Ladies, gentlemen and members in between, hello.
In my last instalment, I discussed the humble nature of the sloth upon taking a shit. Really this was a call to entertain the possible wisdom present in the aristocratic tendency to boast about how easy one has it. There is merit in not constantly talking about how busy one is, even though we are, or how stressed one feels, even though it may be true. This is simply because repetition of the same facts with no real desire to alter them tends to lead to boastful behaviour. Really, when it comes down to it, a casual “I’ve just been so busy lately”, is merely an implication of “Isn’t it cool how I barely have time to think, feel and gain reflection from life?”
The rush gained from… well, rushing is a temporary distraction throughout which one feels the creeping suspicion that something was missed. Of course, this is not to say all who are busy are secretly miserable; rather that such behaviour may be the starting point of a lengthy term of self-distraction from crucial areas of comfort, control and calm required in life. And I don’t mean a relaxing “switch your brain off” flick or lukewarm bubble bath in the evening.
Procrastination: Society learns a buzzy word and chews on it until the sugar has coated the social tongue and the original source been spat out. Simply put, Procrastination is a lack of prioritising that the brain subconsciously performs to put off the one thing you should be doing. This could be booking your first driving lesson, finalising your Master’s applications or…you know… whatever might be going on in your life, reader. Reversing priorities to tackle the comforting idea first is the essence of procrastination. Match this with the image of acting more aristocratic and you’re in for a dangerous mix…right?
Well, yes you are since that’s a recipe for a proud sloth who’s putting off taking a shit. It is dangerous (also yuck), but with the human mind, more negotiable on its impact. You see, my last post is actually tainted with the dull, purple stench of hypocrisy. I am forced to entertain bouts of panic whenever confronted with a very real possibility of my life becoming aimless, career becoming dead-end and happiness becoming negotiable at every turn. Much like many others in my generation, panic and woe do circle one another in my mind, taking turns to trigger self-doubt, anger and croissant dependence. The Constipated Sloth discussion is an encouragement not to take those flaws too seriously and to work with them. Because a reliance on what you were taught and how it should give you a job is what is truly dead end in the real world. Safety nets are psychological bubbles that should be popped to truly recognise both your potential and what you can offer the world. Don’t crave the student days where it all made sense. Ultimately, procrastination and busyness are disastrous recipes and overused buzzwords.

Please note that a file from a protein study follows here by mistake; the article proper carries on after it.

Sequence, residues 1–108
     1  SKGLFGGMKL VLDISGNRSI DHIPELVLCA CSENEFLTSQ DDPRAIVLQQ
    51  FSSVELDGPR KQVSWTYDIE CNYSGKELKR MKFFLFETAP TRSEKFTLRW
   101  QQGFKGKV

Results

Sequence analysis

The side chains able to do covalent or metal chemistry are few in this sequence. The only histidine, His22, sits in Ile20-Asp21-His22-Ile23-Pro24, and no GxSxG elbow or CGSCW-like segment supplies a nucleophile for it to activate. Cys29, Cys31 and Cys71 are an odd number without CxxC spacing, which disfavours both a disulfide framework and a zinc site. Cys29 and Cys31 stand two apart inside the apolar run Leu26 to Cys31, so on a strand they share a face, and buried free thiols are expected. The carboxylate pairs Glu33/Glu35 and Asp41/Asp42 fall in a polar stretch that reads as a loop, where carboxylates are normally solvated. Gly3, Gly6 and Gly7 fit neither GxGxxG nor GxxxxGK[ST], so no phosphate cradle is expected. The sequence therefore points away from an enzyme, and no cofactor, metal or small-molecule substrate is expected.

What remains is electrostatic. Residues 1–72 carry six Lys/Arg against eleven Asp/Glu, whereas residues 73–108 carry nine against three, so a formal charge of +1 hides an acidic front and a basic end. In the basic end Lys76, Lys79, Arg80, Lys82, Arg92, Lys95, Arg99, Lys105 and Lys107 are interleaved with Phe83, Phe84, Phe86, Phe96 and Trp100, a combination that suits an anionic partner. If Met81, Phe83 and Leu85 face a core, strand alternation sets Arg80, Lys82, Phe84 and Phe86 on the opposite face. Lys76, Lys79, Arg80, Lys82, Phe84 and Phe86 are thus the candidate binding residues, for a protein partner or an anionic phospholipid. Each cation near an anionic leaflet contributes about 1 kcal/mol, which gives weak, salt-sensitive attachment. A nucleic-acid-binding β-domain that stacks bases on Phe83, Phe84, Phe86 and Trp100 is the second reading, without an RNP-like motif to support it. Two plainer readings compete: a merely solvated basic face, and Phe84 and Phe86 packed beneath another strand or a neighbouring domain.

I’m all for nostalgia, but when the blankness of your days shifts the blame inwards, it’s helpful not to crave some past life – some prettily reformed hindsight concocted in the miserable present leaving you apprehensive towards the future. But rather, it is essential to lay your focus on a certain trust; the trust of your future self. Future you will get there and if not then they’ll end up somewhere good. Trust they will make the right choices and live in the present with contemplation, confidence and creativity, knowing that priorities constantly shift whether a product of procrastination or not. Learn to relax because being productive can look effortless.
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Or read some recent posts that I am quite proud of:
- What the fear of not accomplishing your dreams feels like.5 min read about things that hold us back from living a creative life. There’s a Venn diagram in it!
- I restarted yoga and now I’m better than everyone.8 min ramble about fitness goals, consistency and smugness and how none of it will last.
- Look look look!!!
- I saw myself on camera and realised I’m a tubby now.5 min read about weight fluctuations and the winter funk.
- My Year in Amazon Purchases: What did I lose? What did I gain?Big ol’ 9 min read reflecting on purchases from 2020 and where they may lead in 2021.